ProSpeak: What Americans Really Need to Know About Charities
In their 2005 Rating the Raters report, the National Council of Nonprofit Associations and National Human Services Assembly found that, "some of the organizations that rate [charitable nonprofit organizations] use their ratings as a critical component of their own revenue model (e.g., to generate membership/subscription fees, licensing fees, report fees, Web site advertisements), which leaves open to question whether they are motivated to inform donors or whether they are motivated by media attention that improves their revenue stream."
Part of the problem lies in the fact that media attention fuels revenue for these groups, and negative assessments of charities garner the most media attention. This inherent conflict of interest might explain why their evaluations are anywhere between subjective and contradictory.
Whether these organizations are well-intentioned in their desire to evaluate charities or hamstrung by the inherent conflict of interest, they nonetheless are ineffective because they ignore the vital yet complex area of program evaluation.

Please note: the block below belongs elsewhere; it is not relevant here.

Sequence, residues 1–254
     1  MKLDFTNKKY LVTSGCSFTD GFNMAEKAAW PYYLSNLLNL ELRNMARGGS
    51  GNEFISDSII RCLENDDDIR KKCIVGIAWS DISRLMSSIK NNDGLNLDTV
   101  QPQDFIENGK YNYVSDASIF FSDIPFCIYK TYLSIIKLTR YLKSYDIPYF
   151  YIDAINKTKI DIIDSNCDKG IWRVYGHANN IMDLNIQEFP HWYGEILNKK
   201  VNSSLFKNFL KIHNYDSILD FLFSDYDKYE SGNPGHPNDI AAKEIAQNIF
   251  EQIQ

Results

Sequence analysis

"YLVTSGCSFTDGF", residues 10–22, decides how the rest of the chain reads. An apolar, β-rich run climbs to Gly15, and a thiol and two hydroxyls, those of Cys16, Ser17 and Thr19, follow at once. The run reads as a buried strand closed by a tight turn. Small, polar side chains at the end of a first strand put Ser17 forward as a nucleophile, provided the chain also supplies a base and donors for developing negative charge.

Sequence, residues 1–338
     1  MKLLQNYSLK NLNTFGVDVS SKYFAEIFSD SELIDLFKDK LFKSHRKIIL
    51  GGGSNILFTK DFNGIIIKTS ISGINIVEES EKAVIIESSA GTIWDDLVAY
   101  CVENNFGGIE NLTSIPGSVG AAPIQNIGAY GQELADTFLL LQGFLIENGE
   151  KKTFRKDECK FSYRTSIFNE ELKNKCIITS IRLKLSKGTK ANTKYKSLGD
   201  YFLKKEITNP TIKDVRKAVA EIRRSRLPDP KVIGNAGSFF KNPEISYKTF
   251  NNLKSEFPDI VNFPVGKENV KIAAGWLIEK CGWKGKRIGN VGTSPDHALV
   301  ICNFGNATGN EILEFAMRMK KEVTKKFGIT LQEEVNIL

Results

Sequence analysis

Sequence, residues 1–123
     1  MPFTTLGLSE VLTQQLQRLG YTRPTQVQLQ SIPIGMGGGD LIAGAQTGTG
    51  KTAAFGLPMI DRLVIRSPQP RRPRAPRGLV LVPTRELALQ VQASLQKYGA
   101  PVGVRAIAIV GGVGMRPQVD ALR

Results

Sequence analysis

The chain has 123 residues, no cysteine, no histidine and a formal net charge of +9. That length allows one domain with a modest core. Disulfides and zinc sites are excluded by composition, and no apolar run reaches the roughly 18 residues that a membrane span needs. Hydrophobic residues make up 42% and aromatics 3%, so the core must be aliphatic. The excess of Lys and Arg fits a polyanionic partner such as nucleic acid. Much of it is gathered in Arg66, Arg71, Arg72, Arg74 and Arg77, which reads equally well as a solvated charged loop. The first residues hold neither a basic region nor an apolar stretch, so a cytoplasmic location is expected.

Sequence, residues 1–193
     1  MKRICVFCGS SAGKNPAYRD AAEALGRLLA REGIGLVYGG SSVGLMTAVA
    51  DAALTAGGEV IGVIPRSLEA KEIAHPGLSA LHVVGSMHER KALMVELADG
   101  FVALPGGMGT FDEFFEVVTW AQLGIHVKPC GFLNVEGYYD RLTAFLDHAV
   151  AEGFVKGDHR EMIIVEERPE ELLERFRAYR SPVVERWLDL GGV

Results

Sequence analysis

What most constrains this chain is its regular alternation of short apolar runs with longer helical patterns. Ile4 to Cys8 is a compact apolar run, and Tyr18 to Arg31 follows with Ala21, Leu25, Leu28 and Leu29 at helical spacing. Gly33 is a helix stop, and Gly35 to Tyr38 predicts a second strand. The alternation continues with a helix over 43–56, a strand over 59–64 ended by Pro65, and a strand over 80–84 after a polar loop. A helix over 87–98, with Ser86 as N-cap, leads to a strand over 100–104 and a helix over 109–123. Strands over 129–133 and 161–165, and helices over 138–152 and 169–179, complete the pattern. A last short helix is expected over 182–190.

So, what's a donor to do?
The heart of the problem is that many self-appointed charity watchdog groups (and sometimes even the news media) are looking for a silver bullet: one statistic that is easy to calculate and can rate a charity as good or bad. As a result, they've become obsessed with the easiest ratio to calculate: the percents of revenue an organization spends on program, management and fundraising. Their simple reasoning is that the more a nonprofit spends on a program, the better it is.
While efficiency is indeed important, it pales in importance next to effectiveness. As Dan Pallotta wrote in a June 22 post titled "'Efficiency' Measures Miss the Point" on his Free the Nonprofits blog at HarvardBusiness.org, "In 1995, Physicians for Human Rights had revenues of approximately $1.3 million. They spent approximately $750,000, or 58 percent of revenues, on program. Today that organization would fail all of the watchdog standards for 'efficiency.' It would be ineligible for a BBB Wise Giving Alliance seal of approval. The Nobel Peace Prize committee felt differently. Physicians for Human Rights won the Nobel Prize in 1997 for its work as a founding member of the International Campaign to Ban Landmines."